Outsourcing Transcription Services: What, Why, and How

Outsourcing Transcription Services: What, Why, and How

I recently discussed CastSource and the benefits and challenges of outsourcing transcription services with Aderson Oliveira on his OuchSourcing podcast. Below, I’ve summarized and expanded on the main points from the interview.

Podcast


The Origins of CastSource

I mainly started CastSource because, while many transcription services exist, no firm is specifically dedicated to the transcription of podcasts. After many futile attempts to find an accurate and reliable transcriber for my own podcasts, I was confronted with the lack of tailored solutions to this particular problem. I’m a software engineer by trade, so I have a knack for making complicated processes easier. This led me to create my own business to provide the highest quality transcriptions in the various formats that suit different types of podcasters. For example, some prefer subtitled videos while others want a separate transcript. Whatever they need, we create it, and the first transcription is always free to ensure that the customer is satisfied with the quality.

To immerse myself in the podcasting world and learn about both my potential customers and the tools they use, I began my own CastSource podcast. I interview them, always asking about transcripts, and this gives me many opportunities to tailor my service to make it more valuable to those who use it.


Outsourcing and its Purpose

My business exists because of the need for outsourcing, and in turn, I utilize outsourcing myself. My first outsource was a virtual assistant to help me find guests for my interviews, and I’ve outsourced design and audio editing work as well.

No matter what your endgame is, outsourcing is important for both holding yourself accountable and exposing yourself to new ideas and methods of achieving goals. Hiring a separate person helps you move faster and stay on track, and it allows you to have more creative time to complete your own work.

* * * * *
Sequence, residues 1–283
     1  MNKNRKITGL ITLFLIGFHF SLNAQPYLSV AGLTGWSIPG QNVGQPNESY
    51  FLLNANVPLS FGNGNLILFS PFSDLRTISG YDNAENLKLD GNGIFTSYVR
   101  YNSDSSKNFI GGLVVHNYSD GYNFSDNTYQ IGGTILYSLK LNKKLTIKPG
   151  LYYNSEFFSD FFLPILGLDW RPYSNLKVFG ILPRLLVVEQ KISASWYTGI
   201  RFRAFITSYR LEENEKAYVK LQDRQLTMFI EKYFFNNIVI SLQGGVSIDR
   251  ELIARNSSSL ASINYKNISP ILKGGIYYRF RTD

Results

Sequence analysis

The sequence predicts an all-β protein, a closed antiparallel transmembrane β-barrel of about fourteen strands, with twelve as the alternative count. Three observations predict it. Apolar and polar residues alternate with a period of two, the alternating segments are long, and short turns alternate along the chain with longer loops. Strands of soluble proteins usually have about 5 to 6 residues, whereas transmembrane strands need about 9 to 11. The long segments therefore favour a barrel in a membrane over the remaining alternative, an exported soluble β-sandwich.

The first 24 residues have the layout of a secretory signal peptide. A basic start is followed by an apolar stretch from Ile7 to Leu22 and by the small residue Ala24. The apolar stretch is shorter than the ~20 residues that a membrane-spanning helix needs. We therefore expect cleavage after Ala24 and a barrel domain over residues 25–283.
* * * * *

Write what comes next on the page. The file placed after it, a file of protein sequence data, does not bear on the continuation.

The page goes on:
Without a doubt, I’d say that the most important qualities in a transcriber are accuracy and quality. Over the years, I’ve learned that even the best workers still make mistakes, so I always have a second person review all the transcriptions for errors.

Typing


Advantages of Transcribing Podcasts

In essence, transcribing your podcasts makes it much easier for your listeners to find, listen to, understand, and promote you.

Transcriptions help viewers find you by boosting your SEO (Search Engine Optimization) ranking. In other words, it can help your page rise to the top of relevant search results. This is because search engines can index longtail keyword-filled text far better than audio recordings. There’s actually a case study to prove the efficacy of this tactic: in 2014, This American Life published transcripts of their entire podcast archive, and they found that inbound traffic via search engines increased by nearly 7% and that the same percentage of visitors viewed at least one transcript on their website.

Additionally, transcriptions make your content accessible to a wider audience. Many people can benefit from the option to read rather than listen, including those who are deaf or hard-of-hearing, those who speak English as a second language, those who have difficulty listening to podcasts in noisy or sound-sensitive environments, and those with attention-deficit disorder who have difficulty focusing on audio stimulus. Some visitors, for whatever reason, just have a simple preference text over audio. Either way, transcriptions of your podcasts can attract a wide variety of people who wouldn’t otherwise consume your content in its current form, and your current readers will appreciate the extra option.